fbpx

Testing and Accountability

Charter schools outperform traditional public schools in 2018-19

More than half of Florida’s charter schools earned an A grade in 2018-19 compared to 32 percent of traditional public schools based on school grades released this morning by the Florida Department of Education. Seventy-four percent of Florida’s 658 charter schools, which serve more than 313,000 students, earned an A or B compared with 61 percent of traditional public schools. Lynn Norman-Teck, executive director of the Florida Charter School Alliance, praised the state’s charters for consistently raising the bar on public education. “The recent scores showing that charter schools outperformed district-run schools, especially in minority communities, is proof that the charter...

Accountability comes in different forms

Editor’s note: One of the most pervasive of all education choice myths is the one that claims schools that accept scholarships are not held accountable to the public for their success -- or failure. We looked at the "no accountability” myth last week but take a deeper dive in today's post. You can see more myth busting here, or by clicking the link at the top right-hand corner of this page.     Many cultures around the world have a common trope: a mythical creature parents invoke to scare their children into behaving. It goes by different names – the bogeyman, Baba Yaga,...

Jeb Bush’s A+ Plan anniversary: 20 years to the day

“I think we’re in for a renaissance in public education.” With these words, Gov. Jeb Bush signed into law on June 21, 1999, a bill that set in motion his vision for the future of education in Florida. The A+ Plan, which had been Bush’s top campaign promise when he ran for governor, aimed to toughen standards for teachers, students and schools. It called for the state to assign letter grades to all schools, end social promotion and institute statewide testing in grades 3 through 10. The plan’s philosophical underpinnings ran deep. According to testimony Bush delivered before the U.S. House of...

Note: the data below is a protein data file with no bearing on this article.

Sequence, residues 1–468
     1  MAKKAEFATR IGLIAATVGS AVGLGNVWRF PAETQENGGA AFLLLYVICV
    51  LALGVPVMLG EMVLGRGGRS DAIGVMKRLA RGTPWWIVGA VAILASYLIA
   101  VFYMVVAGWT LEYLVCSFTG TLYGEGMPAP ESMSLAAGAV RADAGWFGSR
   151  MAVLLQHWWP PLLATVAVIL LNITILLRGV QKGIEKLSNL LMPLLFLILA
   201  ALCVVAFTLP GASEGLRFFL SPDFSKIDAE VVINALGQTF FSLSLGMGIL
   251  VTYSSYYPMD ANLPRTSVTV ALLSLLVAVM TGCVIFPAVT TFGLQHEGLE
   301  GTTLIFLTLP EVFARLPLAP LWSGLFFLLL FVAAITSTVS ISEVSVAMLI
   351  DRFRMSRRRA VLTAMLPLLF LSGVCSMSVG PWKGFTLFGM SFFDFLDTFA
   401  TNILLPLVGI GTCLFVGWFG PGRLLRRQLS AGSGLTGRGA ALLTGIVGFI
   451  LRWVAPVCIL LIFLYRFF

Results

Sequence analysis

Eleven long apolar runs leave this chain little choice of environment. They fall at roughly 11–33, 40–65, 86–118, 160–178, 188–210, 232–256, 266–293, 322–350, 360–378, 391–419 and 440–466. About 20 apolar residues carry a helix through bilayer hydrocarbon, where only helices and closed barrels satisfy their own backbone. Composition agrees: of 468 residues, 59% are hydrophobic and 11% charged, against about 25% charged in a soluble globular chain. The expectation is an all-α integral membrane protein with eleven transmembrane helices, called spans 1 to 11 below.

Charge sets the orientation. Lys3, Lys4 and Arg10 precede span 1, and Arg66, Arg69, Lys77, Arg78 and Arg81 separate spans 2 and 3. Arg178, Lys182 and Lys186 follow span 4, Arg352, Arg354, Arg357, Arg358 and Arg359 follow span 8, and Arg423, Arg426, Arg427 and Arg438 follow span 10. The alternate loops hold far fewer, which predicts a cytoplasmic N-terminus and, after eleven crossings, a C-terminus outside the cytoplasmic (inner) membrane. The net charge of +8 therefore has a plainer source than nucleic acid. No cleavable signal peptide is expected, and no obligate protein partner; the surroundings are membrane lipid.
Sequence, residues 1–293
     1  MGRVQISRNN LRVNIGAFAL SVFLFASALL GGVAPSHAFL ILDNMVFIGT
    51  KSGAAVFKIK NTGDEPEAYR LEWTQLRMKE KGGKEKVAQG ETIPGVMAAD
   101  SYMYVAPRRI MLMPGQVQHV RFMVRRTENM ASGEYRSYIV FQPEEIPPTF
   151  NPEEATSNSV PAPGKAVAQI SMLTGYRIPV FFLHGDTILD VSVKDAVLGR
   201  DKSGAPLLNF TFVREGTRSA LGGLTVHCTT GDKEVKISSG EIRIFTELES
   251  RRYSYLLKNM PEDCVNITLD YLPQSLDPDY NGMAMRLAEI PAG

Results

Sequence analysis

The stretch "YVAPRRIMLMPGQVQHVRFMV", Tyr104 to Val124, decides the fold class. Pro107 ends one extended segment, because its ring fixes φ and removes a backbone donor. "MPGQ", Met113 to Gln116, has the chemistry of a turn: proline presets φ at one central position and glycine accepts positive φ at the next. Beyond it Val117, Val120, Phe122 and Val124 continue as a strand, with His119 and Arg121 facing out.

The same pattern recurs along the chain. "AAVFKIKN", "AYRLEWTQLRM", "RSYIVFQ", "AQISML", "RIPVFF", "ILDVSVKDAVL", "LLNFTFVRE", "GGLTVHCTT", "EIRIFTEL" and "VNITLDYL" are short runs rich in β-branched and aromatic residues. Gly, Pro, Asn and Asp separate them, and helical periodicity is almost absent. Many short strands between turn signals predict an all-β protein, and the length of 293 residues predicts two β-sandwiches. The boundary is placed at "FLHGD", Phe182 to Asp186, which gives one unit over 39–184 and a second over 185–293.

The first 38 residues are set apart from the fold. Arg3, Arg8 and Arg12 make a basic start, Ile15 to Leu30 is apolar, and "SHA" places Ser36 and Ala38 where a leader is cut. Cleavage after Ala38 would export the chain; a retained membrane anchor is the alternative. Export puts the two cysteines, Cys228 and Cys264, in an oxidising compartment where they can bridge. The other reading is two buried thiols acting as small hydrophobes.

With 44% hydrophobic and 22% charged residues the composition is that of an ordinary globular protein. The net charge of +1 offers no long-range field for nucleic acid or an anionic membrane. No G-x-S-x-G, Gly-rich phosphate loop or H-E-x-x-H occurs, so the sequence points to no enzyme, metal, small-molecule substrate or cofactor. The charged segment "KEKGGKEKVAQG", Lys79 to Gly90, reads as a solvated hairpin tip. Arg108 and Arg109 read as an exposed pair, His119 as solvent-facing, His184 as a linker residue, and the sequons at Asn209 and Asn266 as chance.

Want a Twinkie, Alberto Carvalho?

In the 1989 cinematic masterpiece Bill and Ted’s Excellent Adventure, our heroes travel through time to assemble historical figures for a high school history presentation. Upon arriving in 13th century Outer Mongolia, Ted “Theodore” Logan tempts a world-conquering barbarian military genius into the duo’s time machine by offering a pastry and posing the question, “Want a Twinkie, Genghis Khan?” You can view the clip here. What does that have to do with K-12 education policy? I’m getting to that. Over at Chamber Business News here in Arizona, I participated in the celebration of the 30th anniversary of Bill and Ted’s...

Public school deregulation: How would it affect voucher support?

Florida’s school choice critics have long complained about Florida’s testing regime. They’ve even bundled this frustration with state testing, and other regulatory burdens, into their opposition to school choice programs like the Florida Tax Credit Scholarship or the new Family Empowerment Scholarship But what if public schools were subjected to the same light-touch regulations on testing that private schools accepting scholarships enjoy? Would critics be more likely to support school choice? Would public school leaders in Florida support school choice if they could substitute the Florida Standards Assessments for national norm-referenced tests? A new paper, “Deal or No Deal? The Effects...
florida

To compare state test scores, adjust for their demographics

Critics denying the achievement gains of Florida’s K-12 students often do so after comparing state achievement with a whiter and wealthier national average. Only one critic has been bold enough to actually single out a whiter and wealthier state for comparison with the Sunshine State. Lauren Ritchie, a columnist at the Orlando Sentinel, recently picked Connecticut, a state that spends more than $17,283 per pupil.  She has a family friend in Norwalk whose daughter attends an IB program for 290 students, where they learn Arabic, Japanese or Mandarin Chinese. (Orange County, where Ritchie lives, has three high schools with IB...

podcastED: Senator Jeff Brandes on the future of public education

If you ask Florida Sen. Jeff Brandes (R-St. Petersburg) what he thinks the education world will look like in the year 2040, he’ll tell you it will be going back to the past. “I see us moving back to the one-room schoolhouse where we have students of different capabilities working with each other to help everyone rise,” Brandes says. The Pinellas County lawmaker pushes innovative education policies every year in the Florida Legislature, but new leadership more focused on education choice appear to be giving his ideas more traction. His signature education bill this session, SB 226, would expand a mastery-based education...

Accountability’s rocky legal road, Part 2

Editor’s note: March 2 marked the 20th anniversary of the legislative session in which Florida Gov. Jeb Bush launched a number of K-12 reforms that transformed education throughout the state. With the start of the 2019 legislative session earlier this month, redefinED embarked upon a series of articles that examine aspects of Bush’s K-12 education revolution and how it continues to reverberate. Today’s piece is the second of two retrospectives that chronicle the plan’s legislative roller coaster ride. You can read Part I here.  The critics strike back With vouchers deemed constitutional by the First District Court of Appeal and with an...